While cloud computing is based on a number of technology innovations, I’m going to write for the non-technical person who I think needs to understand this major shift. In the end, cloud computing will affect every business, every industry. I’ll start this blog by sharing a story.
A few years ago, I was in a meeting with six CIOs of one of the largest healthcare providers. I asked each a question as they introduced themselves: “What are you working on?”
The first CIO, Bill, replied, “I’m working on a strategy to move to cloud.”
Next, I asked Mary, “What do you do?” Mary also said she was working on a strategy to move the cloud.
We got through every one of them and every one of them had the same answer.
I asked, “So what does that mean, working on a strategy to move to the cloud?”
They collectively said, “We’re really not sure, but we’re working on it.”
I wasn’t actually there to talk to them about cloud computing, but I said, “Give me 10 to 15 minutes to help you think about what it might mean to move to the cloud.”
I’d like to share an abbreviated view of this discussion in this blog, beginning with reviewing my cloud-computing framework.
Cloud Computing Framework
We’re all using consumer application cloud services, such as Twitter, Facebook, and eBay. Nobody buys or uses consumer applications in any other way. What some of you don’t know is there are now many business application cloud services, including CRM, marketing, HR, financial and supply chain applications. All these applications use the original cloud – the network cloud. Once upon a time corporations built their own networks. Nobody does that today. Everyone buys a network cloud service from any number of vendors.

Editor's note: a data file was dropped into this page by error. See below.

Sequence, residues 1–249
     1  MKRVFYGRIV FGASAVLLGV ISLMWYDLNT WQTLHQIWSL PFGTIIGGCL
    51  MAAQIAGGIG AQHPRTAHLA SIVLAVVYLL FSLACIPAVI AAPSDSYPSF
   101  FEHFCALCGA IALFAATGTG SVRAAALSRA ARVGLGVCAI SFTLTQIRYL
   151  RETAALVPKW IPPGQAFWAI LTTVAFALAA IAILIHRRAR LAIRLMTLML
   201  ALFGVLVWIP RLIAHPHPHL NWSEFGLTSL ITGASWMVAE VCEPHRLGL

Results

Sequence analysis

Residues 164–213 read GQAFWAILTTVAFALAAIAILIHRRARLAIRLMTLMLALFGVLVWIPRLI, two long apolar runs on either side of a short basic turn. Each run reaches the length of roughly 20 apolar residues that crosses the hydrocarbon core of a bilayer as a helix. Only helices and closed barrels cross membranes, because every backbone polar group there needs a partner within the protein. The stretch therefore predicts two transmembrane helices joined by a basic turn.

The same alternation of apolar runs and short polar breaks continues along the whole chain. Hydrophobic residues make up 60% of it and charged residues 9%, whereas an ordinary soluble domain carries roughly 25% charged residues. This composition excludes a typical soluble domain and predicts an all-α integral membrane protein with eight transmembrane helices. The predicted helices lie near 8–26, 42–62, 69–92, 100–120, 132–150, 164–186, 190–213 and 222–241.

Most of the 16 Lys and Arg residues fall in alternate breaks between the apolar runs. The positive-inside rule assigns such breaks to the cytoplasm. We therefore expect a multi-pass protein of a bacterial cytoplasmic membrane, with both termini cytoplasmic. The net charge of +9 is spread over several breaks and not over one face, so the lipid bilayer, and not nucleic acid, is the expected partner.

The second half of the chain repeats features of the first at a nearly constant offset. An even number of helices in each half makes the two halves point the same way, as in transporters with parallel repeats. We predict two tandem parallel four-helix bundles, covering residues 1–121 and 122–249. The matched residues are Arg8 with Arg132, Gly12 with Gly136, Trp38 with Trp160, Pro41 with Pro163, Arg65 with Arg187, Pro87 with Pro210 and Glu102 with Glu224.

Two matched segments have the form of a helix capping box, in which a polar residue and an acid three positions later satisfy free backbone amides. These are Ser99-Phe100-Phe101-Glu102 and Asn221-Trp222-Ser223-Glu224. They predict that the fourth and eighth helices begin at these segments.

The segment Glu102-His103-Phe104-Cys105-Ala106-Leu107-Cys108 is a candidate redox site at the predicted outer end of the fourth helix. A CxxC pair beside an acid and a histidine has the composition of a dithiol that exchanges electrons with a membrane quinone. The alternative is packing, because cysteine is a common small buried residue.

The guys from the network business realized that since they put their switches and routers in cold rooms located in buildings that weren’t on fault lines and had big guard dogs out front, why not let people add compute and storage into these data centers by offering data center cloud services?
Then, several years ago, Amazon led the industry by providing compute and storage cloud services. While it requires technology to implement, their innovation was an entirely new business model. Finally, if you are going to build new applications you’d be wise to consider a new generation of software development cloud services.
And in the end, whether new cloud based business applications or existing ones, you’ll want to use operations management cloud services to manage the security, availability, performance and change of the applications to reduce cost and improve reliability.
7 Ways to Move to the Cloud
Given this cloud computing framework, let me now describe seven ways a company can move to the cloud.
- Move to a new network cloud service, which has lower cost and higher bandwidth.
- Move to a new data center cloud service and move into a room that has colder air and bigger guard dogs.